Dancing Zoomers and clout-chasing internet celebrities have found themselves in trouble with TikTokers facing a ban from sacred sites in Nepal.
Religious and historic attractions such as the Buddhist pilgrimage site Lumbini, Kathmandu’s Boudhanath Stupa, and the Ram Janaki and Gadhimi among others have banned TikTok creators.
“Making TikTok by playing loud music creates a nuisance for pilgrims from all over the world who come to the birthplace of Gautama Buddha,” the Lumbini Development Trust’s Sanuraj Shakya told Rest of World.
“We have banned TikTok-making in and around the sacred garden, where the main temples are located.”
If you look up the famed sites on TikTok you’ll mainly find people who are appreciative of the sites; showing them off in a respectful way. However, some comprise young people dancing their way through the locations, which the local staff have taken umbrage with.
Security cameras and guards have been put at sacred sites to catch and eject rulebreakers. They have also erected “No TikTok” signs to keep the internet creators from shooting on the premises.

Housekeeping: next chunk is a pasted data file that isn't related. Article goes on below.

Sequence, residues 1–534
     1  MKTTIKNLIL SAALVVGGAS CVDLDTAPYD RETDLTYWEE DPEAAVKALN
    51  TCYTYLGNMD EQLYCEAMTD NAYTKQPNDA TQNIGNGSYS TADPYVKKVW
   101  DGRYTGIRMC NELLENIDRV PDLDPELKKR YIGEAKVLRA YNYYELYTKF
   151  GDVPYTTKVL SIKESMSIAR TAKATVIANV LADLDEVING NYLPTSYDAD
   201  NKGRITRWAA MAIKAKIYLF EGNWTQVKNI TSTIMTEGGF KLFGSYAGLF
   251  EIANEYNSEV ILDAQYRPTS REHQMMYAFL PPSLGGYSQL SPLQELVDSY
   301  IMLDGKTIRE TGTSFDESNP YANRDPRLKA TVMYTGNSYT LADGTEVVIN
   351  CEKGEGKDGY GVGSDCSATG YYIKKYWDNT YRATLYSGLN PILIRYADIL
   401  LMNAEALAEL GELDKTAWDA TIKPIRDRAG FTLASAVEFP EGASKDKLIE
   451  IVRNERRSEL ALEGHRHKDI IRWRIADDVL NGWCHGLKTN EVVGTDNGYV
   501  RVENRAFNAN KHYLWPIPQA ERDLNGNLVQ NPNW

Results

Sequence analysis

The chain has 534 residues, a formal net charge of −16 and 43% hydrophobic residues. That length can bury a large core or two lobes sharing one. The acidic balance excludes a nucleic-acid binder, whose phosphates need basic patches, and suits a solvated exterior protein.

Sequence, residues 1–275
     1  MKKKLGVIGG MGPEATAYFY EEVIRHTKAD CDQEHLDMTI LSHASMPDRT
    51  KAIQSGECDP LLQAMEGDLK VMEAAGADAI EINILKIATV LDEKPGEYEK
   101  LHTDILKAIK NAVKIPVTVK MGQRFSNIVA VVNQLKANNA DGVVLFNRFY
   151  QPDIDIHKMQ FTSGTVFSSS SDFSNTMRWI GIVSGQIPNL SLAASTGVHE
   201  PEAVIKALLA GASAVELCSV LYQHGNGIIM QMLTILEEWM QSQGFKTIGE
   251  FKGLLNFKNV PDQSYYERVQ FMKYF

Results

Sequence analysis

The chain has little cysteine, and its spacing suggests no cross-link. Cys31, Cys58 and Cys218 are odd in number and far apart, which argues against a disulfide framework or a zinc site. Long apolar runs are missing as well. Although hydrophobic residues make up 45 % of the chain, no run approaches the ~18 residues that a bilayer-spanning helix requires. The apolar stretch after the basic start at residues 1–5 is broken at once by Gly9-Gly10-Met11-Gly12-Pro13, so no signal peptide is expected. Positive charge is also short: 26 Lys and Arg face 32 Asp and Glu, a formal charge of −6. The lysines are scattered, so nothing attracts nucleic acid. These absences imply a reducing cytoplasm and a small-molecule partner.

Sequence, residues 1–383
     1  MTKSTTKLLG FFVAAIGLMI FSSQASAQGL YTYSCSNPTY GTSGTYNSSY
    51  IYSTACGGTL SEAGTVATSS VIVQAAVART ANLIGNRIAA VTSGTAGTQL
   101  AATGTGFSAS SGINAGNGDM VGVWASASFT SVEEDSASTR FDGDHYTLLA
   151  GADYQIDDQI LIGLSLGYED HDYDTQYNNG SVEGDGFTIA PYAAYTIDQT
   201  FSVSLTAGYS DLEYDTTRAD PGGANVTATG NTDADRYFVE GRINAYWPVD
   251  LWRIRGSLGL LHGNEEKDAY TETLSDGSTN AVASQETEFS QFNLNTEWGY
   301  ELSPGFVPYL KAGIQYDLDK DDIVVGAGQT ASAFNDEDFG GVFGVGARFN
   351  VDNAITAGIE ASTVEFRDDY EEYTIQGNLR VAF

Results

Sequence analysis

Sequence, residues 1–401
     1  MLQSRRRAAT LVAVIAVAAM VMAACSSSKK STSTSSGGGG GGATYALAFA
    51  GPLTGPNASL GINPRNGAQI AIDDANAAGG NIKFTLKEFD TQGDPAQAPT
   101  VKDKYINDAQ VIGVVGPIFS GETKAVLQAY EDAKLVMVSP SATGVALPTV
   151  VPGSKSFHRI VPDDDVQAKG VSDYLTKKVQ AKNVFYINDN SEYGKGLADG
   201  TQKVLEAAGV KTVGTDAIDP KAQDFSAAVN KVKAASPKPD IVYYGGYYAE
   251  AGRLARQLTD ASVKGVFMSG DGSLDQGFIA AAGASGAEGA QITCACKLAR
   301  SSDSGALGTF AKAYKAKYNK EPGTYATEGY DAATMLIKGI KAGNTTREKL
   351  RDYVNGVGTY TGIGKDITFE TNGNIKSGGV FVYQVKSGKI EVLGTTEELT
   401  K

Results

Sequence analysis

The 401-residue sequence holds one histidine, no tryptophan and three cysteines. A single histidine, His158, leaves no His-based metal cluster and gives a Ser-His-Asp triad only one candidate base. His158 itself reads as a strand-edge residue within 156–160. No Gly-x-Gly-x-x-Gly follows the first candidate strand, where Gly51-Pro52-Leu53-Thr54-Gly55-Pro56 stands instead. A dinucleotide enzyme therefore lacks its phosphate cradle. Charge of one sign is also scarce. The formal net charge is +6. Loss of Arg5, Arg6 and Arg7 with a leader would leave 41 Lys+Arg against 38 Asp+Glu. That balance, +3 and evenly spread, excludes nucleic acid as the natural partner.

“It is usually young women in groups that spend a lot of time making TikTok. They need to play the same music over and over again to get that perfect shot,” Salman Khan, who frequently visits the sacred Lumbini garden and resents this trend, told Rest of World.
“For them, it’s fun getting all the likes, but for visitors like us, it’s disturbing.”
However, some TikTok users are saying that the bans are unnecessary.
“TikTok is just a medium for entertainment, it doesn’t need to be taken this seriously,” Manisha Adhikary, a resident of Kathmandu who has a few hundred followers on TikTok, told Rest of World.
“As TikTok content creators, we need to understand that we don’t necessarily have to shoot our videos in famous religious places, if doing so is restricted. It’s creativity that matters, not the place where you shoot your videos.”
Those who campaign for freedom of expression argue that blanket bans of this form are problematic.
“Placing blanket bans is the easiest thing to do,” lawyer and columnist Gyan Basnet said.
“Officials should have requested TikTok content producers to respect the sanctity of the religious places, instead of banning something outright.”
TikTok has become a strong medium to show off tourist destinations and these locations, and TikTok as a medium, “should not be ignored,” Basnet argues.
Featured Image: iStock/VittoriaChe